According to one aspect of the present invention, a method of manufacturing a semiconductor device comprises forming a first patterned conductive layer, having gaps therein and comprising a first conductive feature, on a first dielectric layer overlying on a substrate. A layer of hydrogen silsesquioxane (HSQ) is deposited that fills the gaps. A second dielectric layer is deposited on the first patterned conductive layer and on the HSQ gap fill layer, and an upper surface of the second dielectric layer is planarized. A through-hole is formed in the second dielectric layer that exposes a portion of the upper surface and at least a portion of a side surface of the first conductive feature that penetrates into and exposes a portion of the HSQ gap fill layer. A barrier layer is deposited on at least a portion of the exposed portions of the HSQ gap fill layer, and low pressure baking is performed following the depositing of the barrier layer. The through-hole is then filled with a conductive material on the barrier layer to form a borderless via. The low pressure baking ensures outgassing of any impurities in exposed portions of the HSQ gap fill layer that are not covered by the barrier layer prior to filling the through-hole. Hence, the borderless via may be formed reliably, resulting in a low and well-controlled borderless via resistance.

Another aspect of the present invention provides a method of manufacturing a semiconductor device, the method comprising forming a first patterned conductive layer, having gaps therein and comprising a first conductive feature, on a first dielectric layer overlying on a substrate. The method also includes depositing a layer of hydrogen silsesquioxane (HSQ) filling the gaps, depositing a second dielectric layer on the first patterned conductive layer and on the HSQ gap fill layer, and planarizing an upper surface of the second dielectric layer. A through-hole is formed in the second dielectric layer exposing at least a portion of the upper surface of the first conductive feature, and exposing at least a portion of the HSQ gap fill layer. The method also includes vacuum baking, depositing a barrier layer on at least the exposed portions of the HSQ gap fill layer following the vacuum baking, low pressure baking following the depositing of the barrier layer, and filling the through-hole with a conductive material on the barrier layer. The vacuum baking in combination with the low-pressure baking ensure that the occurrence of HSQ outgassing during the filling of the through-hole with conductive material is minimized for either bordered or borderless vias. Hence, HSQ outgassing is minimized, resulting in well-controlled and low-resistance vias, even if the deposited barrier layer does not completely cover the HSQ gap fill layer.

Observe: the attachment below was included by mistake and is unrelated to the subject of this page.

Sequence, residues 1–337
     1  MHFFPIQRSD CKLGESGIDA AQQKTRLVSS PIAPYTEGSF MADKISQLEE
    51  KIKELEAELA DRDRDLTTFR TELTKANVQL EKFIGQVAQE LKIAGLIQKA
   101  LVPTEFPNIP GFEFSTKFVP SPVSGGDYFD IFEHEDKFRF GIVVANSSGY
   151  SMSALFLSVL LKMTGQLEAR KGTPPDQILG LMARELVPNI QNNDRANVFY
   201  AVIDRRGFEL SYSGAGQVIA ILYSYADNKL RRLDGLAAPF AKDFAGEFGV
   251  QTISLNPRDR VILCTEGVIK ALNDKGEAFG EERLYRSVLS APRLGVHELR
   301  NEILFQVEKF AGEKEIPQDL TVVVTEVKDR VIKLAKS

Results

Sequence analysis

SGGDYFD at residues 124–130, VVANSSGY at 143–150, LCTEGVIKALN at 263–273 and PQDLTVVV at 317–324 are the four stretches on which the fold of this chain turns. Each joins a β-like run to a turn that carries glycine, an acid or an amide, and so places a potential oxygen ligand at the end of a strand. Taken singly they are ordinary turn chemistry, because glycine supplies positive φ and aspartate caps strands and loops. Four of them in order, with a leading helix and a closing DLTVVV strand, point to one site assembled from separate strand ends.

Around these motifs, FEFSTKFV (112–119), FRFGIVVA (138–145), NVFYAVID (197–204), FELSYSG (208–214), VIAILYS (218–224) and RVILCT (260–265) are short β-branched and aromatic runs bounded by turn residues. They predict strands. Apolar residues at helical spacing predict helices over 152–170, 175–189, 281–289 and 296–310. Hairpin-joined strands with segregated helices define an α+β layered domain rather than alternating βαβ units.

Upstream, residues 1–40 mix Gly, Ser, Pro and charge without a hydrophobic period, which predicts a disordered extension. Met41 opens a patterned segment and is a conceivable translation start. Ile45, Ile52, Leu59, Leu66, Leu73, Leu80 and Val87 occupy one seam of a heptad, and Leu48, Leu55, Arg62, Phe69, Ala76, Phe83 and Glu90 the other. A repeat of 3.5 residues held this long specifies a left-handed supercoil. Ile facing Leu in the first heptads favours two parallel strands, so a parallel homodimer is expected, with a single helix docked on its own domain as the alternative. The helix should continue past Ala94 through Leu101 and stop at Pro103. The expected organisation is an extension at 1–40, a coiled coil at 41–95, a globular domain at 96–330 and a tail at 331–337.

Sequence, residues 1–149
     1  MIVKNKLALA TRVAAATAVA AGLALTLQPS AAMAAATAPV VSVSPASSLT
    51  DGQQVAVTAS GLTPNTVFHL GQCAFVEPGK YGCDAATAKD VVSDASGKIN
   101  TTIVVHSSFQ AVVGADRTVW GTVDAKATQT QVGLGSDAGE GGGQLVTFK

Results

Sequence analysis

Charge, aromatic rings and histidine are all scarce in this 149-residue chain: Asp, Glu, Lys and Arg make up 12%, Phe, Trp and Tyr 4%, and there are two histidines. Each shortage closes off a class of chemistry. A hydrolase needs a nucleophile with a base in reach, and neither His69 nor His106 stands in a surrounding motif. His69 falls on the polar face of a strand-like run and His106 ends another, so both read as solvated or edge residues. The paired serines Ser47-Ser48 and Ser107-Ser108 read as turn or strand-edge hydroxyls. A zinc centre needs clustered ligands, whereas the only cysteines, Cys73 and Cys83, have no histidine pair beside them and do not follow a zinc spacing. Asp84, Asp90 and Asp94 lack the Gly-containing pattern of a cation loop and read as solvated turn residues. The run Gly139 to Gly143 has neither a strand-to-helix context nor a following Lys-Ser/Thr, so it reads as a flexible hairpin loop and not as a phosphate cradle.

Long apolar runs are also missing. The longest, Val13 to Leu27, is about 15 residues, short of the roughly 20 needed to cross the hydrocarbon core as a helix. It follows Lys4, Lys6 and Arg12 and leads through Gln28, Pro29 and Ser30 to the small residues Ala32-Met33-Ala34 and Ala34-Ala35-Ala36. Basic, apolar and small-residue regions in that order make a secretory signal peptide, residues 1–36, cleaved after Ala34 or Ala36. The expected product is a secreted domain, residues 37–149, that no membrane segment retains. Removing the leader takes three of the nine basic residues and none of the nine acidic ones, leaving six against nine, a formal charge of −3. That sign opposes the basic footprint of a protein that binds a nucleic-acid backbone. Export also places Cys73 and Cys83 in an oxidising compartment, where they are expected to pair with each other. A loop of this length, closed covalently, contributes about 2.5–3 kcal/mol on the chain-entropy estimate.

Additional objects, advantages and novel features of the invention will be set forth in part in the description which follows, and in part may become apparent to those skilled in the art upon examination of the following or may be learned by practice of the invention. The objects and advantages of the invention may be realized and attained by means of the instrumentalities and combinations particularly pointed out in the appended claims.

BRIEF DESCRIPTION OF THE DRAWINGS

Reference is made to the attached drawings, wherein elements having the same reference numeral designations represent like elements throughout and wherein:

FIGS. 1A, 1B, and 1C are diagrams illustrating conventional gap filling of a patterned metal layer.

FIG. 2, is a diagram illustrating gap filling using HSQ.

FIGS. 3A and 3B are diagrams illustrating incomplete coverage of an HSQ gap fill layer in a bordered via and the corresponding filled via, respectively, according to an embodiment of the present invention.

FIGS. 4A and 4B are diagrams illustrating incomplete coverage of an HSQ gap fill layer by a barrier layer and the completed borderless via, respectively, according to an embodiment of the present invention.

FIG. 5 is a flow diagram illustrating the method for manufacturing the semiconductor device according to an embodiment of the present invention.

DETAILED DESCRIPTION OF ILLUSTRATED EMBODIMENTS

The disclosed embodiment enables formation of substantially voidless, highly reliable bordered and borderless vias using HSQ to fill gaps in patterned metal layers without adverse consequences resulting from outgassing of the HSQ gap fill layer when filling a through-hole with conductive material.

HSQ is a highly desirable dielectric material for gap filling, in that it exhibits excellent planarity and gap filling capacity employing conventional spin-on equipment. HSQ can easily fill gaps, e.g., interwiring spacings, less than about 0.15 microns. One form of HSQ is commercially available from Dow Coming Corp. under the product name Flowable Oxide™ or FOX™.

According to the disclosed embodiment, void formation is substantially reduced or eliminated between the steps of depositing a barrier layer on the HSQ gap fill layer, and filling the through-hole with a conductive material on the barrier layer, by performing a low-temperature baking following the depositing of the barrier layer. In particular, the disclosed embodiment adds a high-temperature, low-pressure degas operation that occurs before, and in-situ with, the tungsten plug deposition that fills the through-hole to form a via. The low-pressure baking is performed at a high temperature and sufficiently low pressure that is less than the vapor pressure corresponding to the HSQ. Hence, any impurities or contaminants in the exposed portions of the HSQ gap fill layer that are not covered by the barrier layer (e.g., the titanium nitride (TiN) liner), and that normally would cause outgassing during the tungsten plug deposition, will be removed during the low-pressure baking to minimize the possibility of HSQ outgas during tungsten deposition.